Our aim was to find gene changes with fully penetrant effects that would cause pain phenotypes. We designed our approach based on three tenets. Firstly, the SNP alleles that would individually cause fully penetrant (and detectable) effects were most likely to be exonic and protein changing (mis-sense, non-sense, indels, or splicing). Secondly, an exome would detect the majority of these SNPs. Thirdly, smaller cohorts are easier to collect, phenotype and curate.
We wrote the fSNPd program to analyse multiple exomes simultaneously with the purpose of identifying common SNP alleles that exist in a population of interest at a significantly different frequency than that of the general population. To do this, the program first establishes a catalogue of common SNPs based on an existing cohort; we used the 1000 Genome Project or the Exome Variant Server (EVS) as both were available at the time to download. Confounding variables can be limited by choosing a subset of such a cohort based on ethnicity/location to match the demographics of the population of interest.
In our experiments, we tested the European subset of the 1000 Genome Project (the UK subset being unfortunately too small for this purpose – about 100 individuals) and the EVS, and considered SNPs that differed from at least one of these at a significant level to be relevant. The 1000 Genome Project had the advantage of being a better ethnic match for our cohort (predominantly white Caucasian), while the EVS had data from a greater number of individuals (approximately 20,000 individuals). In the final program fSNPd produces results for both.
The program calculates rare allele frequencies of SNPs in the population of interest. Individuals’ data is handled in vcf format (post variant-calling) versus raw sequencing reads, so that each locus is assigned two possible alleles. Population allele frequencies are determined by tallying the counts of each allele at each SNP locus across all of the individuals in the population of interest and dividing by the total number of presumed alleles at each locus (two per individual for loci on autosomal chromosomes and one (male) or two (female) per individual for those on sex chromosomes).
Finally, allele frequencies per each SNP in the starting catalogue are compared between the population of interest and the general population using a two-tailed chi-squared test without Yates’ correction. SNPs with significantly higher or lower allele frequencies in the population of interest are identified. Significance is characterized by frequencies that differ by a p-value of 2% or more, with Bonferroni and false discovery rate (FDR) corrections applied, according to the total number of SNPs compared (the number in the initial catalogue from the existing cohort) .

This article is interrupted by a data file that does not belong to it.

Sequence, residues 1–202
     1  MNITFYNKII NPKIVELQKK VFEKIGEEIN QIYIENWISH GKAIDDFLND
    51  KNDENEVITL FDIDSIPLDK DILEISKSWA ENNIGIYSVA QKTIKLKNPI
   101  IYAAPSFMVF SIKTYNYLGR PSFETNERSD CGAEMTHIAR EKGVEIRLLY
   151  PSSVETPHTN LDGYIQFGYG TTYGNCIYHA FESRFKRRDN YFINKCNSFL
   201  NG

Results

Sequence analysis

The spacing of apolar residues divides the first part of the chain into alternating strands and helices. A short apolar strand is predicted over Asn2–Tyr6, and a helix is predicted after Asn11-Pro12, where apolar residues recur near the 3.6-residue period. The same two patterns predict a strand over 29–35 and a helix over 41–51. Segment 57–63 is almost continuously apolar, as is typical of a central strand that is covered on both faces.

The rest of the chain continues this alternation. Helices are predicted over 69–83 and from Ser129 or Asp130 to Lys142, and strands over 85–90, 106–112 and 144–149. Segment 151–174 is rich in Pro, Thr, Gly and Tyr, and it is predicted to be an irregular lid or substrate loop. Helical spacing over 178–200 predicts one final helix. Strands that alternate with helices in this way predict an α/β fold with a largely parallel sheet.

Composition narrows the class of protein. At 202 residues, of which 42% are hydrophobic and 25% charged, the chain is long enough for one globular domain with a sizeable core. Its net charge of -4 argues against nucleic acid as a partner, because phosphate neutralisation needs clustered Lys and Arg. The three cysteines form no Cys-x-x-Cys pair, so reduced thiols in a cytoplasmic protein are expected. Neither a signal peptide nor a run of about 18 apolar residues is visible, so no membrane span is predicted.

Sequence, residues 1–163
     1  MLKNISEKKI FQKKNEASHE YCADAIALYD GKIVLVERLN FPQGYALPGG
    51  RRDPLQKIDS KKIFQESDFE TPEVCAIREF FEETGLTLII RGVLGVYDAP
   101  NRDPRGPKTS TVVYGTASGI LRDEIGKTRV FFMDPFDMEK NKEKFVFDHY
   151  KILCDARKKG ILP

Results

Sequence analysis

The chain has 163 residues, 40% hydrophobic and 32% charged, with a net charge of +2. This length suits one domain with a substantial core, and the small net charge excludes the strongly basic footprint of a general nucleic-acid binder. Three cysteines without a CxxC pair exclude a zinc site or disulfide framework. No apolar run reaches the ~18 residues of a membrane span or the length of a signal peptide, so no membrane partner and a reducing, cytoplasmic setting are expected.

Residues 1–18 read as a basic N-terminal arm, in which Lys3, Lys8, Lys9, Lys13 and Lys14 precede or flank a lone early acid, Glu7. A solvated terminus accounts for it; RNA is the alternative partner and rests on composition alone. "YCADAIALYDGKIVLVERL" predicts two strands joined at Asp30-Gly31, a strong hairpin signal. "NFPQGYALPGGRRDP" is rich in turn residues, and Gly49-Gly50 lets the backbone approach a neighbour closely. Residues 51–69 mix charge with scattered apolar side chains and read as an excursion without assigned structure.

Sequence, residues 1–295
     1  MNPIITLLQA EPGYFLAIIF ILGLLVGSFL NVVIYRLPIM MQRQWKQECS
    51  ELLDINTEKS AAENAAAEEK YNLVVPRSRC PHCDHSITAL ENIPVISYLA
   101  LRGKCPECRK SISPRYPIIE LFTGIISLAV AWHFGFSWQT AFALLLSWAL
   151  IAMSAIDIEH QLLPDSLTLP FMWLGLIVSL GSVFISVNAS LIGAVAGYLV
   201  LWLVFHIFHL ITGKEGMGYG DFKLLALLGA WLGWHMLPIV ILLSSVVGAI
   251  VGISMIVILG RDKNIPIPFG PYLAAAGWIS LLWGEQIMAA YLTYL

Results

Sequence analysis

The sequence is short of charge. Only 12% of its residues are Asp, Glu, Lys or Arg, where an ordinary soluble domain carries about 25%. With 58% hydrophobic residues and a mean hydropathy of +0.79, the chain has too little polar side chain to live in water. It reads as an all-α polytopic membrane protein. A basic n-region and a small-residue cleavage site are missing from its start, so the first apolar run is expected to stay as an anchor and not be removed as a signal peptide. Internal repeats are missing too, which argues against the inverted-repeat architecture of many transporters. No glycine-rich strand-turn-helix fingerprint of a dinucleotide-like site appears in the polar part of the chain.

Additionally, for SNPs that do not exist in particular individuals in the population of interest, raw sequencing data can be accessed to confirm coverage of the area. If no coverage exists, fSNPd can calculate upper and lower bounds of allele frequencies and subsequent p-values.
The data input for the final fSNPd program are each individual’s vcf file, and the number of males and females. As an option the fSNPd program can check the actual read depth and quality of each SNP called, if this option is selected, each cohort individuals’ bam and bam.bai files are required. See Additional file 1: Supplementary data for fSNPd set up, and URL’s for downloading programs.
We wanted to determine how many SNPs were accurately sequenced in an exome, and so analysed 40 exomes by fSNPd to determine base by base and exon by exon coverage. This analysis sought to determine whether particular genes or exons of genes would be predictably included in, or missed from, our results.
We assess the performance of fSNPd for allele frequency determination by analysis of two patient cohorts (one of 116 individuals, the other of 34). From the results we selected a sample of SNPs from each where allele frequencies were found to be statistically altered and checked the results “by hand” by use of the Integrated Genome Viewer and by Sanger sequencing of all of the cohort individuals.
After generating results for all SNPs encompassed by an exome we chose to examine only those SNPs that would unequivocally alter proteins (nonsense mutations, start and stop codon mutations, canonical splice site mutations, and missense mutations predicted to be potentially pathogenic). This was for two reasons; such mutations are easier to assess by bio-informatics analysis, and are more easily amenable to functional testing to determine their pathogenicity. Others, however, may seek to examine all of the SNPs identified by the pipeline.
We simulated the performance of fSNPd under a variety of conditions, see Additional file 1: Table S2.
fSNPd is freely downloadable, instructions are in the Supplement .